When: Thursday, November 22 2018 12:00pm–2:30pm
Where: Coles Hill, Plymouth, MA 02360, USA
On November 22, 2018, the United American Indians of New England (UAINE) braved the bitter cold to host the 49th annual National Day of Mourning in Plymouth, MA. Behind the statue of Massasoit on Cole’s Hill sat a small stage and the UAINE banner which reads: “We are not vanishing, we are not conquered, we are as strong as ever.” Reflecting this message, the National Day of Mourning is simultaneously an event in remembrance of a violent history and a protest against the contemporary racism and oppression faced by Indigenous peoples globally.
Co-leaders of the UAINE, Moonanum James and Mahtowin Munro, began the event. James spoke about the 1970 inception of the National Day of Mourning when his father, Wamsutta Frank James, was censored by organizers of the 350th commemoration of the pilgrims’ arrival. James’s message of solidarity elicited cheers from the crowd: “Today is a powerful demonstration of not only indigenous unity, but the unity of all people who want to speak truth to power.” Munro’s speech highlighted the issues of child separation at the border, linking it to the history of forced adoption of Native children, and the missing and murdered Indigenous women, girls, and two-spirit people.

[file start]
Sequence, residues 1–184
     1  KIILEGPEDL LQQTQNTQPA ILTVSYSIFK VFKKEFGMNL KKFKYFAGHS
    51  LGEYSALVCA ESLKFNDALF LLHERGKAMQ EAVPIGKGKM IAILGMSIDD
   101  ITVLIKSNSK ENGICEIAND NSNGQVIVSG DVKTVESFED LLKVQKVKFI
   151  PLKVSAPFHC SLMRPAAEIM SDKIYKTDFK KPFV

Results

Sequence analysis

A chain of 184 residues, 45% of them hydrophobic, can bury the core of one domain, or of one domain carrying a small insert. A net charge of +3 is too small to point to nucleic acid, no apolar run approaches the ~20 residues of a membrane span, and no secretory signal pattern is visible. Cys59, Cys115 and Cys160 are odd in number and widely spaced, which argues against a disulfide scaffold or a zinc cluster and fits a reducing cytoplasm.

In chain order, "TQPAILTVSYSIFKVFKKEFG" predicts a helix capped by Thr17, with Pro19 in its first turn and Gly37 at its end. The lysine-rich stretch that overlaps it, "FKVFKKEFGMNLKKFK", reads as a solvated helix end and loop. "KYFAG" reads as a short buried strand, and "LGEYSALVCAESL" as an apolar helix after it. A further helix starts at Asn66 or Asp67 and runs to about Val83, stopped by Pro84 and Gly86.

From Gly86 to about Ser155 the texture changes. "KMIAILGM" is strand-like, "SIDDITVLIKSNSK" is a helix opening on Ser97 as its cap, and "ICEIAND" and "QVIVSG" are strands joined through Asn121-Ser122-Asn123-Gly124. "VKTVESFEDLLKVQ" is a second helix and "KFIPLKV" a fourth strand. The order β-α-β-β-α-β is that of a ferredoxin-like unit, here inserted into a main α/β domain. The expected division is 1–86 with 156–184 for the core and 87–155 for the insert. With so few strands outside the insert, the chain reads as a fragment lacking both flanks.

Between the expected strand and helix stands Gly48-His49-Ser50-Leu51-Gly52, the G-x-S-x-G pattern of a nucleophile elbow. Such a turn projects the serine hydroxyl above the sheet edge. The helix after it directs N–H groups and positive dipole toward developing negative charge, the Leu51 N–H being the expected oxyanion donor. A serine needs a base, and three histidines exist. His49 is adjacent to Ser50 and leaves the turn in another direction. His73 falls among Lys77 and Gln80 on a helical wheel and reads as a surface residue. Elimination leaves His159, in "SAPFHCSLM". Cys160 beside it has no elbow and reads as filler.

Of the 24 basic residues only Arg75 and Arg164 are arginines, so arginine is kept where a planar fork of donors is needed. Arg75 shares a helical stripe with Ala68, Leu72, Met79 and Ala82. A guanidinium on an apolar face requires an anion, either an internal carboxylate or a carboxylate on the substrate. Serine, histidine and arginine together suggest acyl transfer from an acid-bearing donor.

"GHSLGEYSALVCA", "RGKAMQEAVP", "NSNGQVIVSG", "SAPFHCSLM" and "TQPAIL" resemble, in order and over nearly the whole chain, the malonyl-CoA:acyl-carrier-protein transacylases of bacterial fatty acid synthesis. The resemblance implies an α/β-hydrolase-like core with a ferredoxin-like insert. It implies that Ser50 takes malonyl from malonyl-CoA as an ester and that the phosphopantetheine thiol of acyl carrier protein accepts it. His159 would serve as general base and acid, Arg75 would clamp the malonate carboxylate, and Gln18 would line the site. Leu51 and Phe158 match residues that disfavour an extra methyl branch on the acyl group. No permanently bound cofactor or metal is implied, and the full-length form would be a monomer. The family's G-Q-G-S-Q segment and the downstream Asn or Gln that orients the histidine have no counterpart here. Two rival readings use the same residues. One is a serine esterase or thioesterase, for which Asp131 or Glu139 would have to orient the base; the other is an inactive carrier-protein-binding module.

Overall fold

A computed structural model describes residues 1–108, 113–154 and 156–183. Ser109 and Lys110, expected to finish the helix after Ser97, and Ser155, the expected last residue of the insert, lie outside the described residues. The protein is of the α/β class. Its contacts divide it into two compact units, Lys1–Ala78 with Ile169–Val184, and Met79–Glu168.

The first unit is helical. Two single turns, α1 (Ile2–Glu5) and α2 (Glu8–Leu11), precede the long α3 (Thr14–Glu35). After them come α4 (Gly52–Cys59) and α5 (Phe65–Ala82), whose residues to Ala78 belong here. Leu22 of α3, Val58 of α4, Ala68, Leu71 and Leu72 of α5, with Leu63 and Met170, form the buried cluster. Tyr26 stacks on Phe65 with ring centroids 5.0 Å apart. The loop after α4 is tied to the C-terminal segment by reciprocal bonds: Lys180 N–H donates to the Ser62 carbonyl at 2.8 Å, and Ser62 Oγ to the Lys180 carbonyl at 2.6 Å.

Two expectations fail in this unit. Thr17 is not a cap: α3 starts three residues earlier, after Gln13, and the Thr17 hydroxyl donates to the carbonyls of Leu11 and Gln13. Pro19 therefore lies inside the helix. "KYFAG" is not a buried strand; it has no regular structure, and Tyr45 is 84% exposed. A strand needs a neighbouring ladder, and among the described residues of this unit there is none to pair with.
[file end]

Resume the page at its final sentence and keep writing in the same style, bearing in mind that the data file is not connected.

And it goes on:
Other speeches addressed environmental concerns, forced sterilization of Indigenous women, and the incarceration of Indigenous activists. Elder Bert Waters, per tradition, read a statement by Leonard Peltier, a Native political prisoner, that expressed both hope and fatigue regarding the fight for Indigenous rights. Drawing international connections, a Palestinian flag flew next to the UAINE banner, Marjorie Flowers spoke about her fight to halt the Muskrat Falls megadam project in Labrador, Canada, and Juan Gonzalez brought a message from the Mayan Council of Elders.
Following a solidarity march down Main Street in Plymouth led by drums and banners, the group gathered at Plymouth Rock to conclude the event.